Lum, Tucker and Spooner on Mormonism. Shawn P. Wilbur, Two-Gun Mutualism & the Golden Rule (2011-03-11).
The first mutual aid project with Kate Sharpley Library dragged out considerably longer than I had intended, but they've had their copy of Dyer D. Lum's Utah and its People for several weeks now, and I've finally put together a volume collecting that volume, Lum's follow-up, Social Problems of Today,...(Linked Saturday 2011-03-12.)
Ambition Should Be Made of Stirner Stuff. Roderick, Austro-Athenian Empire (2011-03-11).
A new individualist magazine, titled i, has a first issue devoted to egoist anarchist Max Stirner – including an article on Stirner by science-fiction writer Ken MacLeod (whose work I’ve discussed here and here). Ken comments on his blog here and here.(Linked Saturday 2011-03-12.)
Haunted. Dorothy, Cat and Girl (2011-03-10). (Linked Sunday 2011-03-13.)
okay how does one level up to "100% super homosexual" because i am trying EVERYTHING over here. Dinosaur Comics (2011-03-09).
archive - contact - sexy exciting merchandise - cute - search - about← previousMarch 9th, 2011nextMarch 9th, 2011: If you're working on a secret project where you're going to surprise me by translating all my comics into French, feel free to make this one about dogs or something! It seems...(Linked Sunday 2011-03-13.)
continuing on with errol morris: The actual quotation is from. Captain Capitulation, eye of the storm (2011-03-10).
continuing on with errol morris: The actual quotation is from paragraph 241 of “Philosophical Investigations”: “So you are saying that human agreement decides what is true and what is false?” –– It is what human beings say that is true and false; and they agree in the language they use. That is not agreement in...(Linked Sunday 2011-03-13.)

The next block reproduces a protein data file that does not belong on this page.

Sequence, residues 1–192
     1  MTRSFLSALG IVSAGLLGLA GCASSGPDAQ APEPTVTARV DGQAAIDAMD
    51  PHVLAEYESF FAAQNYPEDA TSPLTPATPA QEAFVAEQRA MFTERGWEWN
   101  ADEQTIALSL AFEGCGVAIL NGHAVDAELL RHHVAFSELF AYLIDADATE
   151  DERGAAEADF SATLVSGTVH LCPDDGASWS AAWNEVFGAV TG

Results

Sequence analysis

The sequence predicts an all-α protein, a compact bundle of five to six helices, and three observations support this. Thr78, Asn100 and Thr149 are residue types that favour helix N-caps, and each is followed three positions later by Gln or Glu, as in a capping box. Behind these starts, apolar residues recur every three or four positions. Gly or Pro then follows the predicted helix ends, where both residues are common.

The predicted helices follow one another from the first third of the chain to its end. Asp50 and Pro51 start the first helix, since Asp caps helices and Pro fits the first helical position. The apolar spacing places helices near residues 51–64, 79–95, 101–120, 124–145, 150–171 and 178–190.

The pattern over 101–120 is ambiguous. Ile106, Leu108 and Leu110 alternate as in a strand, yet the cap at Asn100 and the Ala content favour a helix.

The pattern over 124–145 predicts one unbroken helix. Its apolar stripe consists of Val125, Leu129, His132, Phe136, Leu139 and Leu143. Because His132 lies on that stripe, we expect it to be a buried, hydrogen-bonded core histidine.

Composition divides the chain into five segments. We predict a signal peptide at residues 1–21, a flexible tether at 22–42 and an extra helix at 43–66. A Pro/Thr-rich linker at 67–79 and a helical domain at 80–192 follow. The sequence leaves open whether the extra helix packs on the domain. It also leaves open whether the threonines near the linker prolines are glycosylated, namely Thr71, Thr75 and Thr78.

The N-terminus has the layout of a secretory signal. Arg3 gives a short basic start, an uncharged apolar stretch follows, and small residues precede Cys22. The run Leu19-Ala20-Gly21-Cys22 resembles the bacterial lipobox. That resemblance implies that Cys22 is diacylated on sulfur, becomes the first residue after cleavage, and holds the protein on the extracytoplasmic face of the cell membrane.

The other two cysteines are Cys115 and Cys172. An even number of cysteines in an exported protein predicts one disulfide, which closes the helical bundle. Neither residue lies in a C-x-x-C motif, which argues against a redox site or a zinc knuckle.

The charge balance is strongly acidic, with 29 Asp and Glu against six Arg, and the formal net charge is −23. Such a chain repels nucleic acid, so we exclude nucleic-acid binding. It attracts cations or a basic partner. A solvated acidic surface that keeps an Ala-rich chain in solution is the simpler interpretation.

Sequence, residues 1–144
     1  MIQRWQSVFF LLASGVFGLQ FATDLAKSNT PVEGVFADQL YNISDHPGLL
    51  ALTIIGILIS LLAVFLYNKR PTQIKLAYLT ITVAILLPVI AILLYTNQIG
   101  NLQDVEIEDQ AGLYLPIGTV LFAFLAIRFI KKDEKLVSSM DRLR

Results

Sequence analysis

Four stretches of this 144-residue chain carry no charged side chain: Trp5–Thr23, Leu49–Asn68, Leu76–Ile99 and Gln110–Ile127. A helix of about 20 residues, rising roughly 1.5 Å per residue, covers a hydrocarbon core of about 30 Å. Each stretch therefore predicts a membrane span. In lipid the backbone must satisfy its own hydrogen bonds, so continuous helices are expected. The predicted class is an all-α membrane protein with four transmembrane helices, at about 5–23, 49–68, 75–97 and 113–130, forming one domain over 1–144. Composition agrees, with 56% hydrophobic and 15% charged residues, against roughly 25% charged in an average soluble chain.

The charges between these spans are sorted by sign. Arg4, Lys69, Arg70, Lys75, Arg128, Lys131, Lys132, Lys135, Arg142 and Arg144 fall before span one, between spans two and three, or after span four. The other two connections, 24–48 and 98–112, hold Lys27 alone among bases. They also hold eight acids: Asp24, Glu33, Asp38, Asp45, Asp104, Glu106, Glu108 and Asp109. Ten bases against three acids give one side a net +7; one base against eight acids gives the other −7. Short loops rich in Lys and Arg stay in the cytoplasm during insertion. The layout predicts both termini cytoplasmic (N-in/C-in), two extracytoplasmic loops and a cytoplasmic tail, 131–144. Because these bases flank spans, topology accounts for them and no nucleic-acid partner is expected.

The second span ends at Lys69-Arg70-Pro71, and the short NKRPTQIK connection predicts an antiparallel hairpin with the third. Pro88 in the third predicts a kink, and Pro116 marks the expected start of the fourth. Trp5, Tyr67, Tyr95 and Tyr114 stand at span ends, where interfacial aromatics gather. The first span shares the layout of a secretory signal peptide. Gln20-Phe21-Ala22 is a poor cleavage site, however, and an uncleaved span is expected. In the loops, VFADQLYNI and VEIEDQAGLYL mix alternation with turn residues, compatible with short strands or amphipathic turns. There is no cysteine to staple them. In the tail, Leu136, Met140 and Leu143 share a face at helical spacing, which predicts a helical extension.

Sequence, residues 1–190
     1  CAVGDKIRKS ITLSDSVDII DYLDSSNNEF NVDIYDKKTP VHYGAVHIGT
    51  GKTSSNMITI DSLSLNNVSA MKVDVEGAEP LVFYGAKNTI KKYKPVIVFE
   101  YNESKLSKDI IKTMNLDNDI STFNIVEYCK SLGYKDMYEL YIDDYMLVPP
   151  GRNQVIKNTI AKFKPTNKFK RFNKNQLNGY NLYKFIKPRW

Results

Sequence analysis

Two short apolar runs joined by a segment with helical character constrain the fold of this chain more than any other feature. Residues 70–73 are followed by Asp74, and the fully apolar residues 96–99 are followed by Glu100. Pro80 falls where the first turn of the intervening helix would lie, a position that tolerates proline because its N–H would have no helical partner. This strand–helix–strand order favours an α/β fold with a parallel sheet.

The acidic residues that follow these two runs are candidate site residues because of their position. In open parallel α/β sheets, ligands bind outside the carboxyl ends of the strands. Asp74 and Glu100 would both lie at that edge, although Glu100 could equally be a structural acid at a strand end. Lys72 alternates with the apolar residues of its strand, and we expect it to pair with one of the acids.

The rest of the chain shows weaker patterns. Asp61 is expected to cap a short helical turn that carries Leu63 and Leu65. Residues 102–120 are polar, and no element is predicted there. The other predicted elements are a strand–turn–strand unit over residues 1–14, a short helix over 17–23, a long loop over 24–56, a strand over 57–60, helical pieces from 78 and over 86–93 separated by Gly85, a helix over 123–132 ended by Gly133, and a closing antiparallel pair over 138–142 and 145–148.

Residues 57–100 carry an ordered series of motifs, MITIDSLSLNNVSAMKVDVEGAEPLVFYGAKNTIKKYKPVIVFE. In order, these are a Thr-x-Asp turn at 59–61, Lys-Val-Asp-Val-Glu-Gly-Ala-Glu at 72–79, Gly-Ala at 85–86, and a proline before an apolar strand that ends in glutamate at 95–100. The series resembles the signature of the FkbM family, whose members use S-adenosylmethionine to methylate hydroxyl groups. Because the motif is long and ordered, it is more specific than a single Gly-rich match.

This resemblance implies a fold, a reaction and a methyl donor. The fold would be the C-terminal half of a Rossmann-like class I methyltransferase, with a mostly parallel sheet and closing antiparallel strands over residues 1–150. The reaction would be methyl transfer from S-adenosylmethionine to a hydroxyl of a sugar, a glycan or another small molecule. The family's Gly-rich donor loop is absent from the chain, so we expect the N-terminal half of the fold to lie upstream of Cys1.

On the Town with Bad Decision Dinosaur. Dorothy, Cat and Girl (2010-09-24). (Linked Friday 2010-09-24.)
Food deserts and zoning. Stephen Smith, Market Urbanism (2010-09-13).
by Stephen Smith The other day I put up a post detailing the restrictions that small-scale restaurants and food carts face, but I should mention that grocery stores and supermarkets also face similar restrictions. Like restrictions on restaurants, they end hitting poor, urban, black neighborhoods the hardest, creating the phenomenon...(Linked Friday 2010-09-24.)
Apparently, starvation blockades are bad for the economy. Who knew? John Markley, The Superfluous Man (2010-09-06).
David Brooks has a column in The New York Times entitled "Nation Building Works," in which he attempts to vindicate the US government's past seven years in Iraq. From the article (via Cheryl Cline at der Blaustrumpf):“Iraq has made substantial progress since 2003,” the International Monetary Fund reports. Inflation is...(Linked Friday 2010-09-24.)
Haystack vs How The Internet Works. Danny O'Brien, Danny O'Brien's Oblomovka (2010-09-14).
There’s been a lot of alarming but rather brief statements in the past few days about Haystack, the anti-censorship software connected with the Iranian Green Movement. Austin Heap, the co-creator of Haystack and co-founder of parent non-profit, the Censorship Research Center, stated that the CRC had “halted ongoing testing of...(Linked Saturday 2010-09-25.)
Libertarian Review Archives Online. Brian Doherty, Brian Doherty: Reason Magazine articles and blog posts. (2010-09-09).
One of Reason's high-quality competitors from the 1970s-80s has a semi-complete archives now available online. It's a fabulous compendium of Carter-ish era libertarian historical fun. David Boaz explains the mag and what it accomplished, focusing on its amazing editor the late Roy Childs.(Linked Saturday 2010-09-25.)
Openness is a lot of work. jonoscript, Not The User's Fault (2010-09-24).
You can’t just make something “open” and expect magic to happen. Openness is a lot of work. This is true whether you’re making an open-source software project, a website with user-generated content, a political movement, a charity, or any other kind of organization where you expect volunteers to show up...(Linked Saturday 2010-09-25.)
George Lucas Stole Chewbacca, But It’s Okay. Michael, Binary Bonsai (2010-09-18).